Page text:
Any unbiased reading of the Constitution reveals that it prohibits most of what our federal government is doing today. When I campaigned for political office in 1997, my favorite gag line was: “The Constitution may not be perfect, but it sure beats the type of government we have now in Washington, DC.”

The role of the President was one of the most contentious elements of the Constitutional Convention. It was only decided on Day 105 of the 116-day convention. There were 30 votes on the subject of how to appoint a President, with no delegate advocating election by popular vote. In six of those votes, attendees voted unanimously for a President appointed by Congress. F.H. Buckley, author of Once & Future King (2014) said, “They did not want a president elected by the people. That question was put to them four times and they lost each time.” To this day, the president is not elected by popular vote but by electors.

The Founders sought a balance of power – or “gridlock,” in today’s terminology. They were more concerned with what our federal government must not do than what it must do. The French philosopher Montesquieu (1689-1755) influenced many of our Founders. He wrote that “When legislative power is united with executive power in a single person or in a single body of the magistracy, there is no liberty.”

Echoing Montesquieu, James Madison said, “The accumulation of all powers, legislative, executive and the judiciary, in the same hands, whether of one, a few, or many, and whether hereditary, self-appointed, or elective, may justly be pronounced the very definition of tyranny.”  When one political party or the other controls all the levers of government, the concentration of power has often come close to tyranny.

Graphs are for illustrative and discussion purposes only. Please read important disclosures at the end of this commentary.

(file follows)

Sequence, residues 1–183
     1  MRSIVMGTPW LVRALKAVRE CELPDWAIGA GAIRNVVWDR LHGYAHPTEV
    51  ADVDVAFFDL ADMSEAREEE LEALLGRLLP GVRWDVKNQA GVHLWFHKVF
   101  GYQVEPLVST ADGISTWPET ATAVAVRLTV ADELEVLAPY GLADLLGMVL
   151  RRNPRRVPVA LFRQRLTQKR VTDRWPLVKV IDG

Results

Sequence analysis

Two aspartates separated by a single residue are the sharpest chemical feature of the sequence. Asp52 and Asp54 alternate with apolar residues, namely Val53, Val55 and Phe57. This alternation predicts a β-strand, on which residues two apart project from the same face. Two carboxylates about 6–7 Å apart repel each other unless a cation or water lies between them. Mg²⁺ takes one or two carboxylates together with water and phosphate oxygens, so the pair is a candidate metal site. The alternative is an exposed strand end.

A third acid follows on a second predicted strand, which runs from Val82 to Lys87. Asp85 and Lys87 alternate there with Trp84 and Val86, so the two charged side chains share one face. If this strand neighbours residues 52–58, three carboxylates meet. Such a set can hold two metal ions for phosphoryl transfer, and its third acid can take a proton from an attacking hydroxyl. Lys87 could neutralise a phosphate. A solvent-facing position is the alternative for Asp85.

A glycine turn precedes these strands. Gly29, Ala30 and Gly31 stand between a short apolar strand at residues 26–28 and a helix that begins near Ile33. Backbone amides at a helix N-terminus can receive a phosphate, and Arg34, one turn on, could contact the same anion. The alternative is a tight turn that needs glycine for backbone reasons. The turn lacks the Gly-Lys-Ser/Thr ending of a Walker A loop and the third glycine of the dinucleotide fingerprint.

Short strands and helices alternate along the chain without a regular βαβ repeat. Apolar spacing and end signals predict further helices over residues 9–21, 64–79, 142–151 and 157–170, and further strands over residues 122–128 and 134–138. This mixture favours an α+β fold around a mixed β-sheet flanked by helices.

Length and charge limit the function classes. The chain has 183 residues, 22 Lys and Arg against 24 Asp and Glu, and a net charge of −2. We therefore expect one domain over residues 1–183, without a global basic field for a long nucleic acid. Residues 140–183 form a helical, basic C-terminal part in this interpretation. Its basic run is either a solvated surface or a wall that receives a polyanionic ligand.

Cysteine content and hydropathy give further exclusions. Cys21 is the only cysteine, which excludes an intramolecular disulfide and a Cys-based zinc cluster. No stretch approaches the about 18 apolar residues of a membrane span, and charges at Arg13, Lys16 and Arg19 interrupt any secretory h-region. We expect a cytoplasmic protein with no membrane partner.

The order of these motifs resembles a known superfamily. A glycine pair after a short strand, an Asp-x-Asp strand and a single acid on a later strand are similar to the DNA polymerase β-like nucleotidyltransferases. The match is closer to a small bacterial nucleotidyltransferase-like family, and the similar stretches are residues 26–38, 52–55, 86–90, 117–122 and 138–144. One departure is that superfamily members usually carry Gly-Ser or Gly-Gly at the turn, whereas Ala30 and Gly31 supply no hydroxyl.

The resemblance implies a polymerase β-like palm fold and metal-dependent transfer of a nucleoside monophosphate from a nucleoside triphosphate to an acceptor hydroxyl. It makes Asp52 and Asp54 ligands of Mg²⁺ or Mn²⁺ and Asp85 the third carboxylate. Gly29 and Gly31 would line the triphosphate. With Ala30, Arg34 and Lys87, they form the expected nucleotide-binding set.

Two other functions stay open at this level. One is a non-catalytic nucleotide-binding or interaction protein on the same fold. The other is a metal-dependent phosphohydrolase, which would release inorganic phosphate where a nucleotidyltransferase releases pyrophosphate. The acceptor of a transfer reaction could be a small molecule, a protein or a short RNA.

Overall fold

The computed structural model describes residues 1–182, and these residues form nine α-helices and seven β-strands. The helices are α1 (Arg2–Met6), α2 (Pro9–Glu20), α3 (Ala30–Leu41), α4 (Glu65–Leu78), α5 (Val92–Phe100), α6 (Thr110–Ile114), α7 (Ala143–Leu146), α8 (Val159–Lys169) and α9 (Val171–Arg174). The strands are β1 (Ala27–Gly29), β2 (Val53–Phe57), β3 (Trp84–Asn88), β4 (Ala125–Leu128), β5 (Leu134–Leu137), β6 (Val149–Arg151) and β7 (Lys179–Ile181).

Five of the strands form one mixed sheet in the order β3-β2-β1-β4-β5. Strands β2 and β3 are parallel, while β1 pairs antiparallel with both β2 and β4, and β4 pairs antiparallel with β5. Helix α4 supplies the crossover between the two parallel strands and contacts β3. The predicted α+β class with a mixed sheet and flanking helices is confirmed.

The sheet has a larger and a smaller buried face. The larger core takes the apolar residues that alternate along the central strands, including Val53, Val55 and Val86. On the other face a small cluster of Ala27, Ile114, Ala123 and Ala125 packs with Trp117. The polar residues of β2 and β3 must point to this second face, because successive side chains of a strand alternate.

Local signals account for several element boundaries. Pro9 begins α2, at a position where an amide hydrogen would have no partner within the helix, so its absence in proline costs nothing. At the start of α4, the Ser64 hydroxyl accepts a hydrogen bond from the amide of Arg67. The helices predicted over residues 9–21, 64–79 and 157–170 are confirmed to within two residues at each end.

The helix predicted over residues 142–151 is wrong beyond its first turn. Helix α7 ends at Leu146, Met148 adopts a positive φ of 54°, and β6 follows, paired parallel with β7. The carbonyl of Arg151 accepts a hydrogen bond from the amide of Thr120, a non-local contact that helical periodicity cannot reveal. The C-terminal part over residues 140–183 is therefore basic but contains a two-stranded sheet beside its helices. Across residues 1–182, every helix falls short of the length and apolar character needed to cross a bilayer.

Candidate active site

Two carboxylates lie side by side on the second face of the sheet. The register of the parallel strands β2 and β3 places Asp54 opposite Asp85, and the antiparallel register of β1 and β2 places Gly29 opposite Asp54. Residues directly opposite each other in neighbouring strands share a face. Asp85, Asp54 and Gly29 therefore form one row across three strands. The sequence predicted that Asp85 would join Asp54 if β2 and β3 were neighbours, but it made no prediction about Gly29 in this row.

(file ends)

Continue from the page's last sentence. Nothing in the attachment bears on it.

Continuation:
Perhaps that’s why stocks tend to do better when we see more gridlock and less “unity” in Washington. That was true under Republican Ronald Reagan and a Democratic Congress, or Democratic Bill Clinton and a Republican Congress. Once again, we’ve had a great market year 2019 with Republican Trump and a Democratic House, because few new laws are passed, due to split levers of power in Washington, DC.

About The Author

Gary Alexander
SENIOR EDITOR

Gary Alexander has been Senior Writer at Navellier since 2009.  He edits Navellier’s weekly Marketmail and writes a weekly Growth Mail column, in which he uses market history to support the case for growth stocks.  For the previous 20 years before joining Navellier, he was Senior Executive Editor at InvestorPlace Media (formerly Phillips Publishing), where he worked with several leading investment analysts, including Louis Navellier (since 1997), helping launch Louis Navellier’s Blue Chip Growth and Global Growth newsletters.

Prior to that, Gary edited Wealth Magazine and Gold Newsletter and wrote various investment research reports for Jefferson Financial in New Orleans in the 1980s.  He began his financial newsletter career with KCI Communications in 1980, where he served as consulting editor for Personal Finance newsletter while serving as general manager of KCI’s Alexandria House book division.  Before that, he covered the economics beat for news magazines. All content of “Growth Mail” represents the opinion of Gary Alexander